Purpose of review Current opinions and trends in the management of upper lacrimal obstruction include design variations on the original Lester Jones tube and updated awareness and management of the problems associated with the tubes. This article includes a brief review of the fascinating history of the development of the Jones tube, which sets the perspective for the current scientific dialog. Recent findings First, many design modifications have been proposed to reduce the risk of tube migration and extrusion, with no consensus on the best tube. Second, the issue of retrograde airflow through the Jones tube with the use of continuous positive airway pressure is an increasingly common and challenging problem. Third, bacterial biofilms on the surface of the Jones tube can play a role in recalcitrant infections. Jones tubes can be cleaned or replaced in the office setting with topical anesthesia. Summary Conjunctivodacryocystorhinostomy (CDCR) with placement of a Jones tube remains the gold standard for management of upper lacrimal obstruction. This article provides an updated perspective on issues with extrusion or migration of the tube, bothersome retrograde airflow with the use of a continuous positive airway pressure device, and management of crusting and possible infectious biofilms on the tube.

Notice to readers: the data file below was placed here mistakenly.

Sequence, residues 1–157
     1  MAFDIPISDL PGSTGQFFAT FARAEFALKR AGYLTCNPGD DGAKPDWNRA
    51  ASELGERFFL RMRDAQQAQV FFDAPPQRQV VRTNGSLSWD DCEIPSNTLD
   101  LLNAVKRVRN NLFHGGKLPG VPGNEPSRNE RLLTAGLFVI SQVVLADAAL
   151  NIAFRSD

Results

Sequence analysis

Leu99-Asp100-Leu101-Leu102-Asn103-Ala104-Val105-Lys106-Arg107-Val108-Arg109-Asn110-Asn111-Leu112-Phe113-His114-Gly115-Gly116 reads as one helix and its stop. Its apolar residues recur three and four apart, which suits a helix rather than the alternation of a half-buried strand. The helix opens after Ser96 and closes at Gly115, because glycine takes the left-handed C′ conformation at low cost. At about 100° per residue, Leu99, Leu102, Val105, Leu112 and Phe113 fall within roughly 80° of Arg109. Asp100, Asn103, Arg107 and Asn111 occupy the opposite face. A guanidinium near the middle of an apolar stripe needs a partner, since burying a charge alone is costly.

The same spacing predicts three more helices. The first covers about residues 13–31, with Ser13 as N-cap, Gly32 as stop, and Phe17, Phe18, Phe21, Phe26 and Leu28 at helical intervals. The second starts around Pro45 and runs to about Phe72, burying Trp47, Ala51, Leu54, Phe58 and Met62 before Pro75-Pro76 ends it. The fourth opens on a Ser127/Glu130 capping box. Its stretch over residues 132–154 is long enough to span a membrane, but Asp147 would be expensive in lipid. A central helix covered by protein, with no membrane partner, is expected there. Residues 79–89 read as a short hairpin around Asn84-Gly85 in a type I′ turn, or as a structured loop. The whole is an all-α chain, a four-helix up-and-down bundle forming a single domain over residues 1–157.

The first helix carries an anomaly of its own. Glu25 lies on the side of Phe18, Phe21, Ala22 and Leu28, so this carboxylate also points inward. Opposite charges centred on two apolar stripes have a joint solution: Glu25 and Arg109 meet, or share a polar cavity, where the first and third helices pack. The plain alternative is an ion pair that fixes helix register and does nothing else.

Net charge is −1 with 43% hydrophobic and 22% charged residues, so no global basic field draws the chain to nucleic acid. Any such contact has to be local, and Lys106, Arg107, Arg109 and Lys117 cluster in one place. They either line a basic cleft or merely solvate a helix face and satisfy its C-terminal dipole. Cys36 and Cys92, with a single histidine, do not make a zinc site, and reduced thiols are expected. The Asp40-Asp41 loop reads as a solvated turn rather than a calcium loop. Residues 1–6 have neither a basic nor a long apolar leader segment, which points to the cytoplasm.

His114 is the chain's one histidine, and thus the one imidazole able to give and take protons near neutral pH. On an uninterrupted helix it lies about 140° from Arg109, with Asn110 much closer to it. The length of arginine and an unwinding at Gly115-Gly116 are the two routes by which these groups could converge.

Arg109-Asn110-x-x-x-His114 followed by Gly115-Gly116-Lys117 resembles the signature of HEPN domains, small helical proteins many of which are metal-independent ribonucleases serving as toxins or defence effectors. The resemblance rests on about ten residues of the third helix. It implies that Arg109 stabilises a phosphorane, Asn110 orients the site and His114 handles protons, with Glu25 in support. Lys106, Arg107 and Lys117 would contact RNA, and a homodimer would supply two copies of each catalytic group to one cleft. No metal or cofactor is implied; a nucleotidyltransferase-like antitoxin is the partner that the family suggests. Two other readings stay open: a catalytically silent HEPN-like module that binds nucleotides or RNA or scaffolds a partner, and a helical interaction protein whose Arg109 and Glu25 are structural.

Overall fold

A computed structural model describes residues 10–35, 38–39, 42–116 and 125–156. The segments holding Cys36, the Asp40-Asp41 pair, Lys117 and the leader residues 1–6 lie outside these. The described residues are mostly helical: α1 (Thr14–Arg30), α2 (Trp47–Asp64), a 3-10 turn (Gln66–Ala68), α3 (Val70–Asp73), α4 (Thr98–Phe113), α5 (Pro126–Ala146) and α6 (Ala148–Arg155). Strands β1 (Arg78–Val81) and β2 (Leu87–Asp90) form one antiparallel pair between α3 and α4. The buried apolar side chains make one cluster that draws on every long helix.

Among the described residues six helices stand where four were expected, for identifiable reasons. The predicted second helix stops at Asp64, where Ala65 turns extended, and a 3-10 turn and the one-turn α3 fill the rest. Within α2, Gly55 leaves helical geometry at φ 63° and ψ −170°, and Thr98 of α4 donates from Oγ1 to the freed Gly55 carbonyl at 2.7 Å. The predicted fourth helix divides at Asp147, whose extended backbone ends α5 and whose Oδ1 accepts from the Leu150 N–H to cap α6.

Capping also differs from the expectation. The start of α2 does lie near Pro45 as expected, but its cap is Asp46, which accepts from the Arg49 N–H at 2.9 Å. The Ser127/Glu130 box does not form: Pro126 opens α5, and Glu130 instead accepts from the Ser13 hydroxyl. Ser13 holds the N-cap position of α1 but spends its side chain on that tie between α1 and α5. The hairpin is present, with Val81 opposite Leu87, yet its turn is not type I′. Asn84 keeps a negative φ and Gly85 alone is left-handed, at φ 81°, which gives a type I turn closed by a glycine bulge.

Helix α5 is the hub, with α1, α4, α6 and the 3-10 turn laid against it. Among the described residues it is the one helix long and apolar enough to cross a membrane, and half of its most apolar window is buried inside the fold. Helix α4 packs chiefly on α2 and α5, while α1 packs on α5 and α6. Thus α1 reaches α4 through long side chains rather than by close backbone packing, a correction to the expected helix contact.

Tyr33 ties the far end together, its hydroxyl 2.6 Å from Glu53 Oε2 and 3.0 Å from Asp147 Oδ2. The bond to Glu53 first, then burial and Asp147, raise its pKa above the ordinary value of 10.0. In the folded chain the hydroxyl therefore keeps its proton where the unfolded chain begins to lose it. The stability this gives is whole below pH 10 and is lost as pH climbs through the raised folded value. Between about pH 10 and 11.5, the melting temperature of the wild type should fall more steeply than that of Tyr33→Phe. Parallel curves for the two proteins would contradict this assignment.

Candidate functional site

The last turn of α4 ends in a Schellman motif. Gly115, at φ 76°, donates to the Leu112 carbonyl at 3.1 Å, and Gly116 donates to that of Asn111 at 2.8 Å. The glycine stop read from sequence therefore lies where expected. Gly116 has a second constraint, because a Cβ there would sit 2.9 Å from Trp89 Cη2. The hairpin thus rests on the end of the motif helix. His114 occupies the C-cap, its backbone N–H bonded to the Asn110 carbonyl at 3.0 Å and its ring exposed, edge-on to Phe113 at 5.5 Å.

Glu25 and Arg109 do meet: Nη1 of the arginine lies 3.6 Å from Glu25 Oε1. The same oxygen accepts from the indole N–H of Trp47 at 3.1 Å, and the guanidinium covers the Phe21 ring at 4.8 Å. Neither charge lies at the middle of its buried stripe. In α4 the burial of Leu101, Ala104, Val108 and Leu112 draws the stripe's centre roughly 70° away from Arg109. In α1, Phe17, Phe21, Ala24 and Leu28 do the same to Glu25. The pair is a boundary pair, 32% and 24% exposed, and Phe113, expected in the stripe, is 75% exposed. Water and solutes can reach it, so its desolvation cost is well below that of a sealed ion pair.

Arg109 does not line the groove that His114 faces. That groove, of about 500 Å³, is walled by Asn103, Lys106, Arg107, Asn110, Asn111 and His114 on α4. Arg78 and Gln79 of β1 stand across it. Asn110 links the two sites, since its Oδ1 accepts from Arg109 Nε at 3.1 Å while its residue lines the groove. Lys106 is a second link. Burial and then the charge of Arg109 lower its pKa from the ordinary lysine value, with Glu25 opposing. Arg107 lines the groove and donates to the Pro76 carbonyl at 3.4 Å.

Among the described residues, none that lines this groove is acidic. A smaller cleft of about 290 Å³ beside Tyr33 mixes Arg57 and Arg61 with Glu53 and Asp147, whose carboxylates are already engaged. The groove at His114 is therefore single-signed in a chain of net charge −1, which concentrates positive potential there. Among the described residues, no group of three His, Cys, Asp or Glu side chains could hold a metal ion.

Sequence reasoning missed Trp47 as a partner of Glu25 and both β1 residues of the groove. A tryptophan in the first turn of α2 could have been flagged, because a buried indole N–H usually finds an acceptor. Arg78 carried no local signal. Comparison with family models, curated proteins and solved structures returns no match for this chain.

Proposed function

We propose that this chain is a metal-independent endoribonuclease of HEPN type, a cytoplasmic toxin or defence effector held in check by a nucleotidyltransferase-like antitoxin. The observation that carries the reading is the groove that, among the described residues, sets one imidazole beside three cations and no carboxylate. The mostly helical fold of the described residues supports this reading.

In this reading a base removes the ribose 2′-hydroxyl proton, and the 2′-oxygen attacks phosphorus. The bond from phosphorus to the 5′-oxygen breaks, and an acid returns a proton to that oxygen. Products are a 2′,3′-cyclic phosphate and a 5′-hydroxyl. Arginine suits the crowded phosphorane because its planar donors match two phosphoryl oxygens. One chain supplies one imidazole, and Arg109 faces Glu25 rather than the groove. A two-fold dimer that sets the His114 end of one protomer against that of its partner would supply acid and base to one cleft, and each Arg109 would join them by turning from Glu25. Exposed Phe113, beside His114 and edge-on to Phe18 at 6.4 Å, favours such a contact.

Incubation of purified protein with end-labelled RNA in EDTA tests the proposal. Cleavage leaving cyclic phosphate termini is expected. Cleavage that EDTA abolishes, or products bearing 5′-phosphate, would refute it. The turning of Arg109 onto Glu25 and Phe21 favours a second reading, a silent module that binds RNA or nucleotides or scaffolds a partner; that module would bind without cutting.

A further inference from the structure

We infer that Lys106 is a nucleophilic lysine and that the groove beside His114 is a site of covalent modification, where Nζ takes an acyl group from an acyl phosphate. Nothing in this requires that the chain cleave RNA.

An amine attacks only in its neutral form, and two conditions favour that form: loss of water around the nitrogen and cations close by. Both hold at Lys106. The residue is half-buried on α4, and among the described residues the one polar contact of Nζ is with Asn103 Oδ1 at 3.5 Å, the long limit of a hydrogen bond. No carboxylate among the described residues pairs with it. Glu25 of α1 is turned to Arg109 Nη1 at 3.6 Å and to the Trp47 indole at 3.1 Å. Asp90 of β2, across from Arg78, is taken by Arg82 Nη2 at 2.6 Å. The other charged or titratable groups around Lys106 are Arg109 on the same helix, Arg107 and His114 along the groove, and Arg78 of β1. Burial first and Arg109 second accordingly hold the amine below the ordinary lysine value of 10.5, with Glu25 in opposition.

- Jones tube
- Lester Jones
- continuous positive airway pressure
ASJC Scopus subject areas